A breakdown in communications

Why is it still a struggle for the emergency services to find those they need to help?

I got home at 2am last night. No, I didn’t leave a nightclub with a couple of lucky foxes, I left the A27 with one particularly unlucky fox embedded in my car radiator. In case you’re wondering what cooked fox smells like, it’s nothing like chicken.

I hit the poor beast right by Brighton & Hove Albion’s stadium in Falmer. If you’re hoping for convenient landmarks to break down next to, a massive football stadium that can probably be spotted from space isn’t a bad one. 

And yet, despite telling the bloke in the AA call centre that I’m broken down on the slip road right next to Brighton’s stadium, they dispatched the police – who had to attend because I was in a live traffic lane – and their own recovery vehicle to Devil’s Dyke, some eight miles away. I mean, you can probably see the stadium from there.

How is this even possible on the cusp of 2020? I’m talking to the AA on a smartphone fitted with GPS radios that are so accurate they can tell what lane I’m in on a motorway, and yet the police and the AA’s own rescue vehicle spent more than an hour on a wild goose chase around dark Sussex roads because the call centre is still relying on misheard instructions. 

Now, to be fairer than the AA has any right to expect, the company does have a smartphone app that you can tap to report an accident, which sends your precise location to the help centre. However, my membership comes via my bank, which requires you to call a hotline to report incidents. 

Even so, there are brilliant apps that could have saved me, the Sussex constabulary and the busy breakdown firm a lot of time. Take the magnificent What3words, for example, an app that I actually do have installed on my phone after writing about the firm last year.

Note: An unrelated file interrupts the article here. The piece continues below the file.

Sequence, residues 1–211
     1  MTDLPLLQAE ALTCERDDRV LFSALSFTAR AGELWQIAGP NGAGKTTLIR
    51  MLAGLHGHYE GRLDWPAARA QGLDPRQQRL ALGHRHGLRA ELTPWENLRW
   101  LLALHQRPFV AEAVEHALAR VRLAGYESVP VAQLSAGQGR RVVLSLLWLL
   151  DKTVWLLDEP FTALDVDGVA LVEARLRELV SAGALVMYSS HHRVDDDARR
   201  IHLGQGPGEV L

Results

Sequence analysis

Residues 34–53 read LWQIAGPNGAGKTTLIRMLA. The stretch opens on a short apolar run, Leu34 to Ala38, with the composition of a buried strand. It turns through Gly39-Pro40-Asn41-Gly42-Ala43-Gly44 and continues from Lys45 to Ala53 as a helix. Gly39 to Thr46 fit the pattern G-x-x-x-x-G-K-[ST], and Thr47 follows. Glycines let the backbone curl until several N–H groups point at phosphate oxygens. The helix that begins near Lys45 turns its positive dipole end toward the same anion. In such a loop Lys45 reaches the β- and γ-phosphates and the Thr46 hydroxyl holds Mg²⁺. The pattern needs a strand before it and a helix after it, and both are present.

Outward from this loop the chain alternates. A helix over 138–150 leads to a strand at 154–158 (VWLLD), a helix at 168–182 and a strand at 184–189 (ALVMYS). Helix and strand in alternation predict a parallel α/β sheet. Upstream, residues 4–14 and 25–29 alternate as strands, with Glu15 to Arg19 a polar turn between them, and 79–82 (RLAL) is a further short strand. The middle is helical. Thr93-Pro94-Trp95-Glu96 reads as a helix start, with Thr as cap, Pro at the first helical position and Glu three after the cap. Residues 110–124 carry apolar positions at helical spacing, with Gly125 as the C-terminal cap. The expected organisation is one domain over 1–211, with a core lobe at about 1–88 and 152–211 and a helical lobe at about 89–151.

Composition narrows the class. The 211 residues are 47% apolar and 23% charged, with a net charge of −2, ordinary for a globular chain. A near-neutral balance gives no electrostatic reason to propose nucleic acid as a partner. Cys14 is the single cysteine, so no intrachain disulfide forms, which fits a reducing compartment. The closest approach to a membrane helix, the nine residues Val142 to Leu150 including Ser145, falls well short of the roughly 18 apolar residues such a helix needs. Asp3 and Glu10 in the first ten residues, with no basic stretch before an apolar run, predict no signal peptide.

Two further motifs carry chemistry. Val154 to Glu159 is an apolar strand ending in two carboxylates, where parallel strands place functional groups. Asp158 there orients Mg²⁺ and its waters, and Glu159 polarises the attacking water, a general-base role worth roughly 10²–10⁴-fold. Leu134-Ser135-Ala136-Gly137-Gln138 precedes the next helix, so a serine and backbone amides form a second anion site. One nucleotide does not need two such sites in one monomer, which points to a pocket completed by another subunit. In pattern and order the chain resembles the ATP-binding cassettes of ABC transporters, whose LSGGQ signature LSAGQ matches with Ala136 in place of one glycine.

What3words has broken the entire globe down into 3x3m squares. Each square is given a unique three-word identifier so, if you get lost, you just ask the app to pinpoint your current location using the smartphone’s GPS and it provides a three-word phrase to give to the emergency services. They then type that same phrase into the What3words website (what3words.com) and know exactly where you are within seconds. 

The beauty of What3words is it’s ideal for any location that’s tough to describe. Whether it’s a house down a country lane where postcodes cover several square miles, the middle of a country park with no discernible landmarks or right next to THE BIGGEST FRIGGING LANDMARK IN THE ENTIRE COUNTY (deep breaths, Baz), the app can direct someone so close that they’ll be invading your personal space. 

Alas, the AA man had never heard of What3words. When I told him I had broken down at “remedy albatross digestion”, he wasn’t sure whether to call an ambulance or to get the police to breathalyse me. 

So I’ve got another three words for the so-called Fourth Emergency Service: sort it out. And three for you: Happy New Year

Featured Resources

Managing security risk and compliance in a challenging landscape

How key technology partners grow with your organisation

Download now

Evaluate your order-to-cash process

15 recommended metrics to benchmark your O2C operations

Download now

AI 360: Hold, fold, or double down?

How AI can benefit your business

Download now

Getting started with Azure Red Hat OpenShift

A developer’s guide to improving application building and deployment capabilities

Download now

Most Popular

How to move Windows 10 from your old hard drive to SSD
operating systems

How to move Windows 10 from your old hard drive to SSD

21 Jan 2021
What is the Raspberry Pi Pico?
Hardware

What is the Raspberry Pi Pico?

21 Jan 2021
How to recover deleted emails in Gmail
email delivery

How to recover deleted emails in Gmail

6 Jan 2021